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Does it protect investors


The Committee on Banking Regulations and Supervisory Practices (Basel Committee) had released the guidelines on capital measures and capital standards in July 1988 which were been accepted by Central Banks in various countries including RBI. In India it has been implemented by RBI w.e.f. 1.4.92 Objectives of CAR : The fundamental objective behind the norms is to strengthen the soundness and stability of the banking system. Capital Adequacy Ratio or CAR or CRAR : It is ratio of capital fund to risk weighted assets expressed in percentage terms i.e. Minimum requirements of capital fund in India: * Existing Banks 09 % * New Private Sector Banks 10 % * Banks undertaking Insurance business 10 % * Local Area Banks 15% Tier I Capital should at no point of time be less than 50% of the total capital. This implies that Tier II cannot be more than 50% of the total capital.

Capital Adequacy Ratio (CAR) or Capital to Risk (Weighted) Assets Ratio (CRAR) is a parameter signifying the financial strength as well as the stability of the banking concern Capital Adequacy Ratio (CAR) or Capital to Risk (Weighted) Assets Ratio (CRAR) = Tier-1 capital + Tier-2 capital/Risk weighted assets

Components of Tier 1 Capital includes free reserve+paid-up capital+ statutory reserves less current and brought forward losses+ equity investments in subsidiary + intangible assets. Components of Tier 2 Capital-It consists of accumulated after-tax surplus of retained earnings, revaluation reserves of fixed assets and long-term holdings of equity securities, general loan-loss reserves, hybrid (debt/equity) capital instruments, and subordinated debt.

Tier-1 capital provides banks with the ability to absorb or mitigate any kind of losses without stalling its banking activity. The tier-2 component of the capital cushions the bank during the winding-up process of the banking institution RBI rolled out Basel III capital norms for banking entities effective from April'2013. As per which, banks need to maintain a CAR of 9% that is otherwise 1% more than the global CAR standards of 8%


Minimum Common Equity Tier 1 capital of 5.5% of RWAs, (international standards require these to be only at 4.5%) banks are also required to maintain a Capital Conservation Buffer (CCB) of 2.5% of RWAs in the form of Common Equity Tier 1 capital. CCB is designed to ensure that banks build up capital buffers during normal times (i.e. outside periods of stress) which can be drawn down as losses are incurred during a stressed period. In case such buffers have been drawn down, the banks have to rebuild them through reduced discretionary distribution of earnings. This could include reducing dividend payments, share buybacks and staff bonus.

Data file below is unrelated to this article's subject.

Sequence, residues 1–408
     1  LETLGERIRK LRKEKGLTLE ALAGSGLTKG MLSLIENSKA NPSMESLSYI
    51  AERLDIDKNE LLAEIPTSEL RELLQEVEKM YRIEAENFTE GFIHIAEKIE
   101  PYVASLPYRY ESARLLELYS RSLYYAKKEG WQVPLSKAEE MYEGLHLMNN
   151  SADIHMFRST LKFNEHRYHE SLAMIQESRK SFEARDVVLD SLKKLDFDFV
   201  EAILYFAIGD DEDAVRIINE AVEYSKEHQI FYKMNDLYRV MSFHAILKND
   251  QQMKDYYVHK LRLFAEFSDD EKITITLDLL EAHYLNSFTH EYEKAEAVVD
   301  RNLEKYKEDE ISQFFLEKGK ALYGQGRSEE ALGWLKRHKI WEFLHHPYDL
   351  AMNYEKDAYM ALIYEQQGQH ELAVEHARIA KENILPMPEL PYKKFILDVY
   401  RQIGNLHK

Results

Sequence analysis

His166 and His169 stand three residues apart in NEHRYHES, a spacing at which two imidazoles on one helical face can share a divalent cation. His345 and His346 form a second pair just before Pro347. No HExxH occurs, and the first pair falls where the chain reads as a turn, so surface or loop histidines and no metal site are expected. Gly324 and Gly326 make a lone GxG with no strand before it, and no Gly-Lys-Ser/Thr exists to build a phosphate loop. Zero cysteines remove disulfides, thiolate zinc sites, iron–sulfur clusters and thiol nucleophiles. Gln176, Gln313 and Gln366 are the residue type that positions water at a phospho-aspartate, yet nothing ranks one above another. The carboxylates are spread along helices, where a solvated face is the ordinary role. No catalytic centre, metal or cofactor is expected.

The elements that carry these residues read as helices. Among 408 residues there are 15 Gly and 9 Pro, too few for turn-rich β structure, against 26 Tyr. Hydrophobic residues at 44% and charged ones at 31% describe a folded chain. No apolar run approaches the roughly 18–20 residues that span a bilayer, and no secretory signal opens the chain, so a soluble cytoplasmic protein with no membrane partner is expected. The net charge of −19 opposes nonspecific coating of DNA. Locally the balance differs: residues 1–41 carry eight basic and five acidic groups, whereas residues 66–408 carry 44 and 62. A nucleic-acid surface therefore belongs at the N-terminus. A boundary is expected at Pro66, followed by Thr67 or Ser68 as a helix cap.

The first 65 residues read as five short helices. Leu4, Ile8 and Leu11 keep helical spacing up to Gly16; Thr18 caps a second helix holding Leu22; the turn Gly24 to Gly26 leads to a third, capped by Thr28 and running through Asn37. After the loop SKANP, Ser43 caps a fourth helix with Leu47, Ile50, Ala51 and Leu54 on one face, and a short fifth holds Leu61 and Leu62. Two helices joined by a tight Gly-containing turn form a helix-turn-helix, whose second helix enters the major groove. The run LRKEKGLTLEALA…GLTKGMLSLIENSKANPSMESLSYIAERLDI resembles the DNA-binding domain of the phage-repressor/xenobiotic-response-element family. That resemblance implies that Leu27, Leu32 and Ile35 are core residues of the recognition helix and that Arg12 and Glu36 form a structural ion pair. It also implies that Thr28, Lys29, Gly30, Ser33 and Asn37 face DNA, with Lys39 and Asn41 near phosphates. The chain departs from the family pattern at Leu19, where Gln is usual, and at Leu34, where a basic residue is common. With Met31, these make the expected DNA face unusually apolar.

Basil 3 aims to introduce much stricter definition of capital. Better quality capital means loss absorbing capacity , this in turn will mean that banks will be stronger allowing them to better withstand the period of stress. By introduction of Basil 3 norms banks will be required to hold capital conservation buffer of 2.5% this is done to ensure that banks maintain cushion of capital that can be used during economic stress

The counter cyclical buffer has been introduced with the objective to increase capital requirements in good times and decrease the same in bad times .The buffer will range from 0%to 2.5%consiting of common equity Under Basel 3 a frame work for liquidity risk management will be created .A new liquidty Coverage Ratio and Net stable funding ratio are to be introduced in 2015 and 2018

Requirements Minimum Ratio of Total Capital to RWAs Minimum Ratio of Common Equity to RWAs

Under Basel II 8% 2%

Under Basel III 10.50% 4.50% to 7%

Tier I Capital to RWAs Core Tier I Capital to RWAs Capital Conservation Buffers to RWAs Leverage Ration

4% 2% None None

6% 5% 2.50% 3.00%

Countercyclical Buffer
Min Liquidity Converge Ratio Min Net Stable Funding Ratio Systemically important Financial Institution Charge

None None None

0% to 2.50%
TBD (2015) TBD (2018) TBD (2011)


Reserve Bank of India may be open to relaxing the initial equity capital requirement of Rs 500 crore for setting up a bank according to the spokesperson of RBI The CAR requirement will increase by 50 basis points to 6.50% from March 2014. P Chidambaram has aid that all banks with capital adequacyratio of less than 8% will be given preference for capitalisation. Dena Bank has the lowest CAR at 7.26% followed by Bank of Maharashtra (7.57%), IDBI(7.68%) and Indian Overseas Bank(7.80%).